"'An in-and-out operation, no diversions, minimal risks'," quoted Sophie as they crouched together in a tussock of grass, surveying the Holmlanders' camp. "Why does that sound familiar?" She paused rhetorically, then struck herself across the forehead with a degree of sarcasm that was, to Caroline's mind, entirely unwarranted. "Oh, of course. Because that was what you said before we broke into the Stalsfrieden base, were nearly killed, and had to be rescued by a magical stone elephant."
Caroline glared. She took grave exception to the term rescued. "That was completely different."
"All right, it was similar."
"Remarkably so, in fact. Quite surprising, how these in-and-out operations keep presenting themselves."
She cleared her throat. "Well, that means we've already had a dry run of this. Which gives us another advantage."
Sophie's eyebrow sprung up. "You mean to say that we have multiple advantages?"
Chewing absent-mindedly on a string of grass hanging foolhardily in her face, Caroline narrowed her eyes. "They have three main sentry posts on this side."
"How is that an advantage?"
Caroline, remembering herself, applied the brakes. "Three sentries, not one. That means that each sentry holds himself only partially responsible for the camp's safety. Since the Holmlanders aren't likely to be anticipating an attack from this side in any case, I'd say that means the sentries will be none too conscientious, wouldn't you?"
"Granted." Sophie seemed impressed, a fact which made Caroline inordinately happy, and only slightly guilty. "And, of course, nobody knows we are here, so we have the advantage of surprise," continued Sophie.
"Not to mention the fact that, these days, nobody is going to look askance at the sudden requisitioning of an ornithopter. If we can con our way in convincingly enough, we'll be over the Channel before they even realise something has gone awry."
"If the weather holds," Sophie put in. "Taking an ornithopter out in a storm might be a little indiscreet, no?"
Caroline glanced up at the beclouded sky, and muttered a generalised prayer to anybody who might be listening. "It's a chance we have to take. Since we shall only have twenty minutes or so within the base at any rate, things should have worked out one way or another by the time those stormclouds hit." She pulled back the blue sleeve of her Holmlandish uniform to examine her wristwatch.
Sophie craned over in interest. "What are you doing?"
"It's a diver's watch," Caroline muttered. "By turning the outside ring, one can see how many minutes remain until one's oxygen runs out. Or one's luck," she finished quietly. "There. Fifteen minutes."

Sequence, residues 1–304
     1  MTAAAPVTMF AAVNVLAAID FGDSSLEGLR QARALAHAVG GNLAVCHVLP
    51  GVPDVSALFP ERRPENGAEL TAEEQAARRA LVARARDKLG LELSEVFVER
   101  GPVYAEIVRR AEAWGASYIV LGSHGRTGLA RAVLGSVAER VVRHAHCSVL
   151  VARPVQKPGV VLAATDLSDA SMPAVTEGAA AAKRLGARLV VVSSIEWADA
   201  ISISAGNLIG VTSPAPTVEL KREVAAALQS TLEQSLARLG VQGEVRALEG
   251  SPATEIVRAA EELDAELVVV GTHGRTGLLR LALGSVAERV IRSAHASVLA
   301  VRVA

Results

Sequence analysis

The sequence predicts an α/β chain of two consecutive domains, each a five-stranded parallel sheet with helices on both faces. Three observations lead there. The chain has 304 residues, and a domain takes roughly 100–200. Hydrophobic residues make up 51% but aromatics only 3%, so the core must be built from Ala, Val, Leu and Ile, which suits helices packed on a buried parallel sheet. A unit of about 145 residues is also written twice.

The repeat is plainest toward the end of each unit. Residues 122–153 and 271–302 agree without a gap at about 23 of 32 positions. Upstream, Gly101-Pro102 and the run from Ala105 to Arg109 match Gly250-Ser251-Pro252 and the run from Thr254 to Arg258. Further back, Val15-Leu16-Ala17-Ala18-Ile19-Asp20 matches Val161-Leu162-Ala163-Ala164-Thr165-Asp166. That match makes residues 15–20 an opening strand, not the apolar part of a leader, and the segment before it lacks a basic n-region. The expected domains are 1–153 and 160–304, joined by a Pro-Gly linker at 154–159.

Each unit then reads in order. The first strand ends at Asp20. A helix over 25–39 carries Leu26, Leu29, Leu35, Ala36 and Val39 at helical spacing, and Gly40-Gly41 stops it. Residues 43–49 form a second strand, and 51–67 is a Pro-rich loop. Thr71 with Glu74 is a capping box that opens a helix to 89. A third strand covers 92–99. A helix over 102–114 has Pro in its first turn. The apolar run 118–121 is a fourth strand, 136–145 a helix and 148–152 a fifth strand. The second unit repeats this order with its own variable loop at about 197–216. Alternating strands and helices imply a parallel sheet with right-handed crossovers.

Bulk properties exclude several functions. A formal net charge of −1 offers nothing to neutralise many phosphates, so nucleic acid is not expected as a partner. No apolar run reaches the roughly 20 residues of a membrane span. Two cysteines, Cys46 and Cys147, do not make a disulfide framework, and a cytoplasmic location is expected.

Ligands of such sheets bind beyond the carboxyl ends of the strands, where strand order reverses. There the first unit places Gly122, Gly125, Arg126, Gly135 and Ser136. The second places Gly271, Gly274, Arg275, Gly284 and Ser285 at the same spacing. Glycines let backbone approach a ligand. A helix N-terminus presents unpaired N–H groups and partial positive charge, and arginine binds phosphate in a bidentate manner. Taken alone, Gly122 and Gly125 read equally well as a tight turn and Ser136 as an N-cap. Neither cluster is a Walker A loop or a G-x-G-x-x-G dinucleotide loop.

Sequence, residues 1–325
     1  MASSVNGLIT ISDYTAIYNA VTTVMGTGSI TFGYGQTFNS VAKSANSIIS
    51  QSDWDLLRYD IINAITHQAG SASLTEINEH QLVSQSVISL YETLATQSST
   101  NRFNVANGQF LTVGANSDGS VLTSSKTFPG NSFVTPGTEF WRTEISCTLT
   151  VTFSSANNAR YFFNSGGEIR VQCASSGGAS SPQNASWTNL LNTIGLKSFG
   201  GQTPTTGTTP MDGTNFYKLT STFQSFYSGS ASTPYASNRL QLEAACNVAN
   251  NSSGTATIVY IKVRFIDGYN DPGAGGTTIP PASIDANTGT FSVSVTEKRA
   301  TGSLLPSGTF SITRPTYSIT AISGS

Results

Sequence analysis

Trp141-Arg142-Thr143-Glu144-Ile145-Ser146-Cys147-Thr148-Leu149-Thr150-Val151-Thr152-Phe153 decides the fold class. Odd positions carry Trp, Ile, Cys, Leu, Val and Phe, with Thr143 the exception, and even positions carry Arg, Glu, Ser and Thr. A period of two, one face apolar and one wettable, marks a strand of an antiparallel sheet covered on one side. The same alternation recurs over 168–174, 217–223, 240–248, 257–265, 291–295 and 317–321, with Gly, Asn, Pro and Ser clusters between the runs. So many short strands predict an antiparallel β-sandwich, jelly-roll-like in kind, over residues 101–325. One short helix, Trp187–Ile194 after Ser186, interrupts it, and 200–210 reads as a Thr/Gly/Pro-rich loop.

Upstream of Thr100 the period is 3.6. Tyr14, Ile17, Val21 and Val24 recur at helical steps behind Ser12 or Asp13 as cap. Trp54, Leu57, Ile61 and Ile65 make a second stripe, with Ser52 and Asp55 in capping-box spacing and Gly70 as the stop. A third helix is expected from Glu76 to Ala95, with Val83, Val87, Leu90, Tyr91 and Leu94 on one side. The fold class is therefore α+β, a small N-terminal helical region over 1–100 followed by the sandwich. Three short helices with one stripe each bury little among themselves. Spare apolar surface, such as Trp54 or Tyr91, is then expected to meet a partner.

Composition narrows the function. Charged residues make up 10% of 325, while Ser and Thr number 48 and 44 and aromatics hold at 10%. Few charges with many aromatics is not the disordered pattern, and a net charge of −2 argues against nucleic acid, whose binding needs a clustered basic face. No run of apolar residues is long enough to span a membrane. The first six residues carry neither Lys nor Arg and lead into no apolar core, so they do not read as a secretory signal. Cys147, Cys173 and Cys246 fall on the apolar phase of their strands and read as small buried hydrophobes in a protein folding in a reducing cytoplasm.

Shaking her head, Caroline rearranged her sleeve and took a calming breath. "No, fifteen. That way, when our time runs out, we'll have five more minutes' grace. You can't wait for miracles, Sophie, you have to make your own."
Sophie nodded jerkily. Poor thing. Caroline put a tentative arm around her shoulders. "It's going to be easy," she reassured her. She was lying through her teeth, but then, she'd always had a talent for deception. "I have already lost one person on this mission. I don't plan on losing any more. Understood?"
"Yes, sir," quipped Sophie, with which Caroline let her get away. "Hadn't we better move in then?"
Caroline swallowed, agreed, and hoped to high Heaven that she was doing the right thing.
Barbed wire, massive rolls of it, curling up towards the sky like spiny grey totem poles. That was all Caroline, head raised stiffly, could see as she marched through the camp. The rest of her vision was obscured by the back of Sophie's head, which was now thatched in eye-popping ginger bristles. Commendably, neither of them had experienced the slightest hitch in their plan to enter the camp, unless one counted the odd sensation of growing a moustache in four seconds flat, and it had been child's play to join a crocodile march of genuine soldiers passing the gate. As far as Caroline could tell, the only problem now was that they had no plan whatever for how to proceed. Were they less pressed for time, she would have recommended they lie low, assume entirely the roles of Holmlandish soldiers, and gather intelligence. Under the circumstances, however, corners would have to be cut.